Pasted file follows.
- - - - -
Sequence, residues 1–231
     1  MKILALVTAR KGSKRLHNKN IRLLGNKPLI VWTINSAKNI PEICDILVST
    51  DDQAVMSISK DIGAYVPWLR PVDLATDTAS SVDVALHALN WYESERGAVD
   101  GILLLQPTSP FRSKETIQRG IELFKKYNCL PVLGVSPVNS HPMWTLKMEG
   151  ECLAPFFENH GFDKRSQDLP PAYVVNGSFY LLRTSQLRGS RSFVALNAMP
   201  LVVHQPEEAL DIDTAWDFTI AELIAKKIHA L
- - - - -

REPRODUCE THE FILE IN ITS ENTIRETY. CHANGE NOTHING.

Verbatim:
Sequence, residues 1–231
     1  MKILALVTAR KGSKRLHNKN IRLLGNKPLI VWTINSAKNI PEICDILVST
    51  DDQAVMSISK DIGAYVPWLR PVDLATDTAS SVDVALHALN WYESERGAVD
   101  GILLLQPTSP FRSKETIQRG IELFKKYNCL PVLGVSPVNS HPMWTLKMEG
   151  ECLAPFFENH GFDKRSQDLP PAYVVNGSFY LLRTSQLRGS RSFVALNAMP
   201  LVVHQPEEAL DIDTAWDFTI AELIAKKIHA L